• The Intelligent Network is enabled by technologies such as Unified Access, Virtualization Experience Infrastructure (VXI), Next Generation Wide Area Nextworks (WAN), Unified Fabric and Unified Compute.Enabling Technologies: Cisco Unified Access: Drives solutions to deliver ubiquitous access at the network edge by converging disparate wired and wireless infrastructures.Cisco VXI: Cisco Virtualization Experience Infrastructure (VXI) is an end-to-end systems approach that delivers the next generation virtual workspace by unifying virtual desktops, voice, and video. It helps IT provide an exceptionally flexible and secure converged infrastructure for an uncompromised user experience.Next-Gen WAN: The Cisco Next Generation Enterprise WAN (NGEW) is a Cisco end-to-end architecture that provides foundation building blocks for next-generation enterprise networks. The hierarchical design provides the scalability required by large enterprises and can be extended and replicated throughout multiple regions and theaters. This consistency leads to ease of deployment, maintenance, and troubleshooting.Unified Fabric: Cisco Unified Fabric is one of the pillars of the Cisco Unified Data Center, which unifies computing, storage, networking, and management resources to simplify IT operations, reduce costs, and increase performance. Specifically, a Cisco Unified Fabric is a data center network that supports both traditional LAN traffic and all types of storage traffic, including traditional non-IP-based protocols such as Fibre Channel and IBM Fibre Connection (FICON), tying everything together with a single OS (Cisco NX-OS Software), a single management GUI, and full interoperability between the Ethernet and non-Ethernet portions of the network.Cisco Unified Compute Systems (UCS): Is an x86 architecture data center server platform composed of computing hardware, virtualization support, switching fabric, and management software. The idea behind the system is to reduce total cost of ownership and improve scalability by integrating the different components into a cohesive platform that can be managed as a single unit.Call to Action: Please talk to your Cisco sales team about how these enabling technologies can assist your organization prepare for the astounding growth in networking between now and 2020.Transition: Thanks for listening to my presentation, does anyone have any comments, observations or questions?
  • Pv2020 syed hoda cisco

    1. 1. © 2012 Cisco and/or its affiliates. All rights reserved. 1© 2012 Cisco and/or its affiliates. All rights reserved. 1 Syed Hoda General Manager, Emerging Solutions Group Cisco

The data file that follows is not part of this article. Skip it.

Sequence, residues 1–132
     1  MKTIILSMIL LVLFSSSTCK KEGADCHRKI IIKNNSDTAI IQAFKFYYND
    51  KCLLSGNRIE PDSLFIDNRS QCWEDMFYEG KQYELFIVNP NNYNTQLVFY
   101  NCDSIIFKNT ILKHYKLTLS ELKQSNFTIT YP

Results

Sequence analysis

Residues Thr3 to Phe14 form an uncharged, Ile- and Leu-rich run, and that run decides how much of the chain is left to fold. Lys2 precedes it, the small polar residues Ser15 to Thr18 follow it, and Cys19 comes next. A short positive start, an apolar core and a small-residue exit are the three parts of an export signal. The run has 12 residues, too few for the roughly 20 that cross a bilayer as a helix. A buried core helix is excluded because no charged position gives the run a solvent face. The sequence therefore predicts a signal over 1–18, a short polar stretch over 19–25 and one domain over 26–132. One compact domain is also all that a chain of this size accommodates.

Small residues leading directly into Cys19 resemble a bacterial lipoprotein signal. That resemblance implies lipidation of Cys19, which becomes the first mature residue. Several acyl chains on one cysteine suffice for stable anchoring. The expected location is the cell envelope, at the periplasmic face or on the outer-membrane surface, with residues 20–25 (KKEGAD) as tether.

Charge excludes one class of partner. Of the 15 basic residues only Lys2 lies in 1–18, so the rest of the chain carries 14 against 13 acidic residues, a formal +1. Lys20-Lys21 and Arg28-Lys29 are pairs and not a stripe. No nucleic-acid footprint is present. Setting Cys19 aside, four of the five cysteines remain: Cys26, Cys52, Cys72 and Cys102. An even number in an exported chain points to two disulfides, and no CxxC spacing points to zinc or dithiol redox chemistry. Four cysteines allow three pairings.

2. 2. © 2012 Cisco and/or its affiliates. All rights reserved. 2 Source: Cisco Visual Networking Index 2011 © 2012 Cisco and/or its affiliates. All rights reserved. 2
    3. 3. © 2012 Cisco and/or its affiliates. All rights reserved. 3 by 2020 will flow through the network Translates to each owning on average Source: Cisco Visual Networking Index 2011 © 2012 Cisco and/or its affiliates. All rights reserved. 3
    4. 4. © 2012 Cisco and/or its affiliates. All rights reserved. 4 Source: Goldman Sachs, 2010, Cisco Over will have been By the we are done with this © 2012 Cisco and/or its affiliates. All rights reserved. 4 4
    5. 5. © 2012 Cisco and/or its affiliates. All rights reserved. 5 willquadruple allIPTRAFFICby Source: Cisco Visual Networking Index 2011 © 2012 Cisco and/or its affiliates. All rights reserved. 5
    6. 6. © 2012 Cisco and/or its affiliates. All rights reserved. 6 Source: Cisco Visual Networking Index 2011 With Video by being of the world’s © 2012 Cisco and/or its affiliates. All rights reserved. 6
    7. 7. © 2012 Cisco and/or its affiliates. All rights reserved. 7 by 2012 of enterprises Enterprise-class willbeusedby Source: State of the CIO 2011 Study, CIO Magazine © 2012 Cisco and/or its affiliates. All rights reserved. 7 of enterprises will be pursuing a by Sources: Gartner (February 2012)
    8. 8. © 2012 Cisco and/or its affiliates. All rights reserved. 8 of ORGANIZATIONS want Source: Forrester, 2010 © 2012 Cisco and/or its affiliates. All rights reserved. 8
    9. 9. © 2012 Cisco and/or its affiliates. All rights reserved. 9 The Network Data CenterDesktop
    10. 10. © 2012 Cisco and/or its affiliates. All rights reserved. 10 The Network Data CenterDesktop
    11. 11. 11 The Next Network and the Internet of Things The Network is the Platform Consumer Video Security Networked Home Industrial (Internet of Things) Buildings Transportation Physical Security Utilities (Smart Grid) Healthcare Education Entertainment Government Business Wireless Storage Voice
    12. 12. © 2012 Cisco and/or its affiliates. All rights reserved. 12 Enterprise MegatrendsTHE NETWORK IMMERSIVE COLLABORATION Pervasive Video GREEN, Energy Efficiency IT PRODUCTIVITY, Service & Network Management SECURITY, Accelerating Cyber-Threats CLOUD SaaS | DC / V MOBILITY Consumer Device
    13. 13. © 2012 Cisco and/or its affiliates. All rights reserved. 13 Unified Access Unified Fabric Unified Compute Next Gen WAN MOBILITY Consumer Device THE INTELLIGENT NETWORK CLOUD SaaS | DC / V IMMERSIVE COLLABORATION Pervasive Video GREEN, Energy Efficiency IT PRODUCTIVITY, Service & Network Management SECURITY, Accelerating Cyber-Threats
    14. 14. 14
    15. 15. © 2012 Cisco and/or its affiliates. All rights reserved. 15 Thank you.